What they don’t tell you about inbound marketing.
Simply stated, you interrupt customers with a message designed to get them to raise their hand. That’s the way they volunteer or say “yes” to begin a rewarding exchange of information accomplished over time, which builds trust that you can leverage into a sales relationship.
But the first step is still to interrupt the consumer. That’s one reason there will always be socially acceptable interruption marketing media. We need to get that initial attention.
— Seth Godin / Permission Marketing 1999
Why are you telling me this?
Current “inbound marketing” wisdom dictates that you consistently publish original long-form content that is irresistible to your target customers, who then seek out your wisdom with a desire to learn more. Customers come to you — That’s the inbound part.
Supposedly, if you do that long enough, your customers will gladly buy whatever you’re selling. That’s the theory anyway. Does it work? For a few. For most, not so much.
Let’s review the inbound process in a bit more detail:
- Your “authoritative” content gets shared by your social media buddies, driving your articles to the top of Google’s search rankings.
- There it’s discovered by more people, who visit your site eager to complete your popup form enabling them to receive more of your wisdom.
- Once they’re on your email list, you drip on these folks with daily drivel until they cave in and buy something from you — Typically an ebook, online course, blueprint (don’t ask), or “mastermind” weekend in Orlando.
- These super-satisfied customers become members of your “tribe” and promote your products and services to anybody who’ll listen.
- When you get enough followers-turned-promoters, you set up affiliate links to Bluehost on your website and make $20,000 a month in referral fees (seriously, people have done this).
Sounds good, let’s do it!
Hold on there Sparky. This all makes perfect sense, until you realize that this equation for success comes with a snag. A big one …
If you don’t rank well in Google, how do you ignite this bonfire of riches in the first place?
Good question. Unfortunately, the likelihood of you producing original, authoritative content that is soooo good that it rises to the top of Google search rankings is pretty slim. I’m sorry, but chances are nobody’s going to find your stuff. There’s already too much stuff out there.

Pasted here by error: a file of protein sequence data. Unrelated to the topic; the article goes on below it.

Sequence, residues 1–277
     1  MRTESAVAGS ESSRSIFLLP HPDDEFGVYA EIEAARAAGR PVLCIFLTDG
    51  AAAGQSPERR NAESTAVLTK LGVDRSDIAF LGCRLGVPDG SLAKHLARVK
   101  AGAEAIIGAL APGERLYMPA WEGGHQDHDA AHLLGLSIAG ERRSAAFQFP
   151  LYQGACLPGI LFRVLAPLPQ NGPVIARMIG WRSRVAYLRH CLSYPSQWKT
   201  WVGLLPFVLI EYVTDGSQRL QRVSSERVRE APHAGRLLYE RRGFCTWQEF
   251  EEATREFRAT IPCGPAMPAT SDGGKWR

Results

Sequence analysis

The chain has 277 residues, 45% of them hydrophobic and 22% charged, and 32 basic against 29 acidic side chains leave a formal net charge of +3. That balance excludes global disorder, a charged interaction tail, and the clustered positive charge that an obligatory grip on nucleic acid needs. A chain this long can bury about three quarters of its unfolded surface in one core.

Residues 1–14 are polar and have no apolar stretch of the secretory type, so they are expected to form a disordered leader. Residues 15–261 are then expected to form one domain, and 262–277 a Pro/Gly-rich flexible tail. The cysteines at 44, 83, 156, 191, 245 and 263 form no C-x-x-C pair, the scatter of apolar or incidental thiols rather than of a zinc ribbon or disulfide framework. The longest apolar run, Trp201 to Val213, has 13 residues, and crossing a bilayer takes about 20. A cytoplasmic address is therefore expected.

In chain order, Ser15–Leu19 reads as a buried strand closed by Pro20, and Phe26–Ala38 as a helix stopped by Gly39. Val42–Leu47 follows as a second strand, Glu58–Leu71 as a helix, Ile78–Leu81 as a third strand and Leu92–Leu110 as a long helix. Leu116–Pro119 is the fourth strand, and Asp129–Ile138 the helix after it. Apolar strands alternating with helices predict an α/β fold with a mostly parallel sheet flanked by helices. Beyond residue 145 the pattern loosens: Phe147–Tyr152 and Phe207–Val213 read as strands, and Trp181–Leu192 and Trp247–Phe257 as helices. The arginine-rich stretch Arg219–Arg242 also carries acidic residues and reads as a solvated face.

So, how are you going to get noticed with this “inbound marketing” deal? You probably won’t. Not unless you start the process with “outbound marketing,” which was first described by Seth Godin as “interruption marketing” back in 1999. (Seth also coined the term “permission marketing,” a much more meaningful term than inbound marketing.)
Whenever you think you understand the “next big thing” in marketing, Google it and read what Seth Godin has to say. That’ll generally be the truth, and you won’t have to look any further. Seriously.
So, what is outbound marketing?
No mystery here, it’s advertising: TV, radio, magazines, newspapers, yellow pages, billboards, Facebook, direct mail, Google AdWords, blimps, whatever.
Good, old-fashioned, interruption marketing. Wanna get rich selling your wisdom on the web? Wanna be a millionaire “life coach” at age 24? Get out your wallet, and keep it out.
About Seth Godin
Seth Godin is the author of 18 books that have been bestsellers around the world and have been translated into more than 35 languages. He writes about the post-industrial revolution, the way ideas spread, marketing, quitting, leadership and most of all, changing everything. You might be familiar with his books Linchpin, Tribes, The Dip and Purple Cow.
In addition to his writing and speaking, Seth founded both Yoyodyne and Squidoo. His blog (which you can find by typing “seth” into Google) is one of the most popular in the world.
He was recently inducted into the Direct Marketing Hall of Fame, one of three chosen for this honor in 2013.